Seattle is dampish & smoggy. Cupertino is dryish & smoggy.

1
5
Silver badge

@Gene Cash (was: Re: I use paper maps (AAA is a *good* thing).)

My point is that you would probably have a boat-load more cash in your jeans if you had ever taken a simple "navigation 101" course.

The only time I use electronics for navigation is in the air, and on open water. On the road, it's hardly useful, much less necessary. I can't remember the last time I was more than a street or two off course.

0
5
Anonymous Coward

Re: @Jake

I'm not sure if you've actually read enough articles on here to realise Jake but The Register is a Tech Publication. That means they write about and attract people interested in technology. It is not an antiquated contraptions and ranching publication. Yet, almost every post you make has to reference one or the other.

Do you go on to the BMW owners forums and tell them how great your bicycle is and how rubbish their cars are?

The article in question isn't even about smart phones, except as a reference to the fact they the already perform a function which BAE is trying to lever into the military market. Yet still you jump on here "bragging" about owning an old nokia. Who cares? Its not even relevant to the discussion.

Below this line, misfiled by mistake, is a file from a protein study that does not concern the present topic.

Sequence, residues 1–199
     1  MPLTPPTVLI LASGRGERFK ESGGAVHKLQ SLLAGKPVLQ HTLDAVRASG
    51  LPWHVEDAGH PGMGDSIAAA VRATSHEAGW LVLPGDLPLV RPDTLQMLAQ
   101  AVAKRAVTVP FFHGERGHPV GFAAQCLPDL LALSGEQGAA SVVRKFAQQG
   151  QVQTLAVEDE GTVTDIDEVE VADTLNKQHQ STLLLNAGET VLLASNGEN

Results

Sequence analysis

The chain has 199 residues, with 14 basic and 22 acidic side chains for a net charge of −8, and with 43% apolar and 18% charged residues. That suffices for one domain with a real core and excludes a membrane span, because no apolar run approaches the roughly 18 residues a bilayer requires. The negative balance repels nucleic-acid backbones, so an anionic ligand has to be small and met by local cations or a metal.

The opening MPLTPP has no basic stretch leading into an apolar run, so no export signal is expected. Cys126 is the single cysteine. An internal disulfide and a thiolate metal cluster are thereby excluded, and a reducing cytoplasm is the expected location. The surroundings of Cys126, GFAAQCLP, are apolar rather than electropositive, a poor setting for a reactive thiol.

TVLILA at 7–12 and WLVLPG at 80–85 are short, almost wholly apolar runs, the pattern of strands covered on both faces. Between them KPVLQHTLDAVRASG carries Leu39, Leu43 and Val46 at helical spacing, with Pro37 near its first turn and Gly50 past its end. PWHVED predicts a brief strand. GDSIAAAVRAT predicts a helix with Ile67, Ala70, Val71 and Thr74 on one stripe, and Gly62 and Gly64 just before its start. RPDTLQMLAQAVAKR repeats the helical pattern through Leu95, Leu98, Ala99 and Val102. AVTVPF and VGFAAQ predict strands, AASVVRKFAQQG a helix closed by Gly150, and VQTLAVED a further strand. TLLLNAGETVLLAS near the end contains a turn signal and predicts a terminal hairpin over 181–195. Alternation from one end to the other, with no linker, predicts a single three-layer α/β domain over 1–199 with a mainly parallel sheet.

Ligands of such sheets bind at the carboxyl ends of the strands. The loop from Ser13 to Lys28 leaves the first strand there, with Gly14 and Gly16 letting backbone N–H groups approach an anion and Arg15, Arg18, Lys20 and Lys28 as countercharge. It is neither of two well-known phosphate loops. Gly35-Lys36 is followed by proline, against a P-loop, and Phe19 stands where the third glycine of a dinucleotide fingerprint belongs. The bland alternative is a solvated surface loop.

4
1
Silver badge

@AC 09:07 (was: Re: @Jake)

You don't think that producing food & clothing is technology? The mind boggles.

I'm not bragging about the old Nokia. I'm just pointing out that it does exactly what I expect a telephone to do, which is place and receive telephone calls.

As a side-note, mr/s techno-buff, I'm "jake", not "Jake". Computers tend to be literal.

1
7
Anonymous Coward

Re: @Jake

Food? Clothing? I didn't mention either

Computers are literal, people are not and despite appearances otherwise, I trust you are a person

1
1
Silver badge

@AC 09:50 (was: Re: @Jake)

So, AC 09:50 ... Which AC are you, exactly? Some AC or another mentioned food & clothing ... which are technology, regardless. You're not that AC? OK ... Maybe create a handle that the rest of us can actually get a grasp of who you are and reply to on a one on one basis?

Remember, I'm "jake", not "Jake" ... Might be hard to grok, but think about it.

0
4
Anonymous Coward

Re: "The difference between you and me..."